After exhausting the available treatments for a recurrence of her breast cancer, Sandy Fehrman wondered what would happen next.
Would another treatment be found in time for the cancer that had spread to her lungs, liver and bones? Would she even survive?
That’s when her doctor suggested targeted therapy. A sample of her tumor was sent across the country for analysis, and a new list of drugs aimed specifically at her tumor was produced.
Three years later, Fehrman is doing well. And the approach used to treat her has been parlayed into the new Institute for Translational Oncology Research at Greenville Hospital System, which hopes to expedite drug development and foster advanced cancer care.
Sign Up and Save
Get six months of free digital access to The State
Unveiled Tuesday, the center will focus on therapies which match the treatment to the patient, said Dr. Joe Stephenson, the institute’s medical director.
And by partnering with pharmaceutical companies, University of South Carolina researchers, private industry and the government, it hopes to halve the cost and time of bringing a new drug to market – now estimated at about $1 billion and eight to 10 years, he said.
"Through ITOR, we will be able to make new therapies accessible to patients far more quickly than traditional models have allowed," he said. "This should give great hope to cancer patients."
Sam Konduros, ITOR business development director and former CEO of the economic development organization Upstate SC Alliance, said the center will be a catalyst for innovation that also will impact the region’s economy.
"ITOR represents a new era of translational medicine that will positively impact cancer patients’ lives in Upstate South Carolina, while also accelerating the development of a knowledge economy in the health care and biomedical realms for our region and state," he said.
It will help train medical professionals in translational and personalized medicine as well, GHS CEO Michael Riordan said.
Tuesday’s unveiling was the last piece of a puzzle that’s been in the works for five years, Stephenson said.
Doctors hope to take a sample of a patient’s tumor and find out which trial would be of most benefit as well as determine why one patient responds to a drug and another doesn’t, he said. They also hope to identify new biomarkers that will lead to more targeted therapies.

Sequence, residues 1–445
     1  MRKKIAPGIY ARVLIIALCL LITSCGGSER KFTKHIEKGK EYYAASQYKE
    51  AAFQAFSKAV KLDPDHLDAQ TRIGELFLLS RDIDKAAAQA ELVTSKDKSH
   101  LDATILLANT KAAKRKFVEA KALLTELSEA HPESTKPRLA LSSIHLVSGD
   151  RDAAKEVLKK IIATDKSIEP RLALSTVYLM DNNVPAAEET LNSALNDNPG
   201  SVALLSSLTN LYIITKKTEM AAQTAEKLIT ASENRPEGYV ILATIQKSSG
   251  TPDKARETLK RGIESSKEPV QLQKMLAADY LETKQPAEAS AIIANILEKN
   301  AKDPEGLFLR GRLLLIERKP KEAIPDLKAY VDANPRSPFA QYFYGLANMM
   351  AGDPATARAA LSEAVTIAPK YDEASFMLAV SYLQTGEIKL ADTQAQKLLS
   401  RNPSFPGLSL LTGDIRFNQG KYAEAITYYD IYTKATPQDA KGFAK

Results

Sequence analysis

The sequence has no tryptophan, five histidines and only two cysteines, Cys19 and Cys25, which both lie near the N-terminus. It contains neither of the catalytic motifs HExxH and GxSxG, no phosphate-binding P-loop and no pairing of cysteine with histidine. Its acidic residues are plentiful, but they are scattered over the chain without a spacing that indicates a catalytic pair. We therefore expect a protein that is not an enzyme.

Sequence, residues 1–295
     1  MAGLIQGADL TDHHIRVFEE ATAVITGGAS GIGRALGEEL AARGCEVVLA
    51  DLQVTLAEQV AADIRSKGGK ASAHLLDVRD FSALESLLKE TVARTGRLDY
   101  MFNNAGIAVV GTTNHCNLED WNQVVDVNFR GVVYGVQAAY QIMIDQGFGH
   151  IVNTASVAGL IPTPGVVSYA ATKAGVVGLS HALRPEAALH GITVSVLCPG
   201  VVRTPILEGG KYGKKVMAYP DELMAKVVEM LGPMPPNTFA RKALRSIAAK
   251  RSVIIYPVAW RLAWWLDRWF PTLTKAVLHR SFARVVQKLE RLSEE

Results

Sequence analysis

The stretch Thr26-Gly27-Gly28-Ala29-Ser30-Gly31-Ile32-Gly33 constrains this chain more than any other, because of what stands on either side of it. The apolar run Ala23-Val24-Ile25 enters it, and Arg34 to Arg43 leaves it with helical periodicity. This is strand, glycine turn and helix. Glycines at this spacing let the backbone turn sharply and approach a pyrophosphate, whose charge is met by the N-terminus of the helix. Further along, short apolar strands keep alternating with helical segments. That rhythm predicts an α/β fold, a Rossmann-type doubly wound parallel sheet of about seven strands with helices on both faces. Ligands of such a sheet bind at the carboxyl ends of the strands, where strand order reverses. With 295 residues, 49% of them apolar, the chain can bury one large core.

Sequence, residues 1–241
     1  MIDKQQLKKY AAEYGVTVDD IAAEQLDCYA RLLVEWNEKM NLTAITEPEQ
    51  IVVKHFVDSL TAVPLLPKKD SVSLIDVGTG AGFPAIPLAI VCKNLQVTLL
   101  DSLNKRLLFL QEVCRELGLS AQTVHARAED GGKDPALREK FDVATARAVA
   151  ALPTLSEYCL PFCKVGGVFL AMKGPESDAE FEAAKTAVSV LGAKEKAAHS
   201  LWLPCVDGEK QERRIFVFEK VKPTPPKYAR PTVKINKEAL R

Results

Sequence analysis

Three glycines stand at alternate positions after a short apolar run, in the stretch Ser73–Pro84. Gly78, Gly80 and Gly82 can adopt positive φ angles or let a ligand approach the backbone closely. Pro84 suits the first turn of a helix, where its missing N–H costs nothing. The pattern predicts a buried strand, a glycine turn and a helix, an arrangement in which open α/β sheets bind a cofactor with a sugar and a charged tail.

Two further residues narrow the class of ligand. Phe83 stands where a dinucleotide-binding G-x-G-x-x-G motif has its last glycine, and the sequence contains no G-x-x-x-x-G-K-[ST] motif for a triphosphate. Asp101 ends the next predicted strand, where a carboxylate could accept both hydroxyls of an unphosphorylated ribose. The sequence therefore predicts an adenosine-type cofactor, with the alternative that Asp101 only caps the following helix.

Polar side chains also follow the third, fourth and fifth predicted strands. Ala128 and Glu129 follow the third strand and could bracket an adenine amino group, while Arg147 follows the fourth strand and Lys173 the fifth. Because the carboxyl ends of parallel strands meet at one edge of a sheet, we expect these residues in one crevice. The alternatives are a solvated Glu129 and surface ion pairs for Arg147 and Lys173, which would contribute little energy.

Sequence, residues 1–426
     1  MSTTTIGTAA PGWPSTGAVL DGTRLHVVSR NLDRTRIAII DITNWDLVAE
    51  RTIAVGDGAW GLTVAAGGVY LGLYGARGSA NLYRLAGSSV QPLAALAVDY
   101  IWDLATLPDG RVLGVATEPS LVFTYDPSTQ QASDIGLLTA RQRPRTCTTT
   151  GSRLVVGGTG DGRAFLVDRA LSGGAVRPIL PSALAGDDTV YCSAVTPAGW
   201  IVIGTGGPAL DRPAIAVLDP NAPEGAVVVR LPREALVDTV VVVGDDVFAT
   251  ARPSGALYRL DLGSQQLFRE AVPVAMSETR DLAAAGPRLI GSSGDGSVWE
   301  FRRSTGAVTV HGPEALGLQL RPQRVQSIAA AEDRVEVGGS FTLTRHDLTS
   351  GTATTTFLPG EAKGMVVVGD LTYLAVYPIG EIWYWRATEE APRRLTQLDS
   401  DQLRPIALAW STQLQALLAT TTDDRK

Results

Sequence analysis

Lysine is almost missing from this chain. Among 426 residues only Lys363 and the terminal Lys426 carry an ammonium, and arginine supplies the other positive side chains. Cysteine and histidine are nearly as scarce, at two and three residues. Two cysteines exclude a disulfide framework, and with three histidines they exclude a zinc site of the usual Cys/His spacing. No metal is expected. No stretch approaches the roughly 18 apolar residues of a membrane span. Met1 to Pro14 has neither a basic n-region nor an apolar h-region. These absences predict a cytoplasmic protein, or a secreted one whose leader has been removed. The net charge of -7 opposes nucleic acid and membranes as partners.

The goal is to improve outcomes today and hopefully eradicate cancer in the future, he said.
"We’re tired of doing business as usual," he said. "If you can take somebody from a 20 percent response rate to an 80 percent response rate, that’s so gratifying."
And it makes all the difference to the patient.
Fehrman, 62, was diagnosed with stage 2 breast cancer in 1992 and underwent lumpectomy, then a bilateral mastectomy, and six months of chemotherapy. In 2003, the cancer returned, and by 2007, she had run out of treatment options.
"We were starting to wonder what we could do that could keep me alive," she said.
Then researchers profiled her tumor and found the drugs to target her specific cancer, offering her new hope. In three years, her tumor marker is within normal range, she said.
"It’s amazing," she said. "I’ve lived seven years, which is a remarkably long time for a stage 4 cancer patient. And...there’s no reason to think I’m going to die any time soon."
Fehrman knows she will be on treatment the rest of her life. But with new developments on the horizon, and close by at the institute, she is optimistic about her future.
"Not that I never had hope at the end of the list," she says, "but I have even more hope now that new drugs will be developed to benefit me."